Dr. Goethe Link and his observatory
In about 1939, Dr. Goethe Stone Link, a well-known Indianapolis surgeon and dedicated amateur astronomer, erected a 36-inch telescope and a large dome in a wooded area south of Indianapolis, near Brooklyn, Indiana, just thirty miles from Bloomington. There Dr. Link observed for his own pleasure and held open houses for the public as well. Dr. Link continued to practice medicine until he was well into his 80’s and was also a pioneering aeronaut who won the National Balloon Race in 1909!
Goethe Link was born in Pike County, Indiana on 20 May 1879 to Dr. William Hall Link and Phoebe Elizabeth Stone Link. He attended Wabash College for two years and then transferred to Indiana University, and there he received an M.D. degree in 1902. Practicing medicine in Indianapolis, he specialized in operations for goiter and thyroid. He is said (Wikipedia) to have performed more than 20,000 thyroid operations. He is also credited with the development of new instruments and techniques in this field. He was one of the founders of the Indiana University Medical School.
During the early years, the famous astronomer Harlow Shapley visited the site, and encouraged the Department to hire an additional astronomer to take advantage of this remarkable facility. F. K. Edmonson persuaded President Herman B Wells of the need, and James Cuffey joined the faculty in 1946. In 1948 Dr. Link donated the observatory and land to the Astronomy Department of Indiana University, and it was thereafter officially known as the Goethe Link Observatory. It was used for serious astronomical research until the mid-1980’s when increasing sky brightness from the suburbs of Indianapolis compromised the value of most research-level observations. It is now used primarily by the Indiana Astronomical Society, to which Dr. Link earlier belonged.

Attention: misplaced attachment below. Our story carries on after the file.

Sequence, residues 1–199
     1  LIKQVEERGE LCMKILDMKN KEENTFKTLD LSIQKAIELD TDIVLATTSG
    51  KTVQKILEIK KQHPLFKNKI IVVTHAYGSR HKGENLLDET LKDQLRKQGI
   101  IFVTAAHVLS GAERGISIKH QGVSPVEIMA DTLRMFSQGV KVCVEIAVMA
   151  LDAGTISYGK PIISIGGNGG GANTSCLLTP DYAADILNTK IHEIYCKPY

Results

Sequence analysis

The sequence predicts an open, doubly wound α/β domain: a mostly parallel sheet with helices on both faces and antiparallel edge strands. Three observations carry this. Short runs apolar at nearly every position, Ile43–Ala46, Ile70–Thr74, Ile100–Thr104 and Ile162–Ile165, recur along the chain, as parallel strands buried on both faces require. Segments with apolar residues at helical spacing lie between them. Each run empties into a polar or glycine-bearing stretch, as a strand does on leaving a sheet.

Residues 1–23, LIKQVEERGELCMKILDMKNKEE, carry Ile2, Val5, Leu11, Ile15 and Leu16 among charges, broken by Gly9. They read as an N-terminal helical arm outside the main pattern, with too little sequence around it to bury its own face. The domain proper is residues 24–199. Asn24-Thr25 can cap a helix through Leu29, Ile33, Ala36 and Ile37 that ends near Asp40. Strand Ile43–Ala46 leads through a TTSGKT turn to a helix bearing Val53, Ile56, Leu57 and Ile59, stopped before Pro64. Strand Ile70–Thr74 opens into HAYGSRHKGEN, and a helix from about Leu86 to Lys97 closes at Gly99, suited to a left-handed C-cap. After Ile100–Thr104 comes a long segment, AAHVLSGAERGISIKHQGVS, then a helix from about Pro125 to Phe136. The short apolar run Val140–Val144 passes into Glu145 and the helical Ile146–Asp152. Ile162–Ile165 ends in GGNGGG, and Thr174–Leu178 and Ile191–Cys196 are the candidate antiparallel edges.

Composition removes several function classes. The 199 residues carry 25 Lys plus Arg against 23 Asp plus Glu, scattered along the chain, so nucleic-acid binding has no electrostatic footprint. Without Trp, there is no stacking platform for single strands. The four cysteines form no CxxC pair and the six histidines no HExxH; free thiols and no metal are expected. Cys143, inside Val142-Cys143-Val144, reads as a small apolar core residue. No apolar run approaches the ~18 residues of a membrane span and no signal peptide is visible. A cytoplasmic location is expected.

Dr. Goethe Link died 31 December 1980, just short of his 102nd birthday. By any standard, Dr. Link was a most remarkable man, and we gratefully acknowledge his many contributions to medicine, astronomy, and the community.
For more on the history of the Link Observatory, Thomas Borlik gave a very nice presentation during the Indiana Astronomical Society General Meeting celebrating the IAS 90th anniversary. We've supplied the link to the youtube recording for your convenience: https://www.youtube.com/watch?v=PCCRdhwaZ9M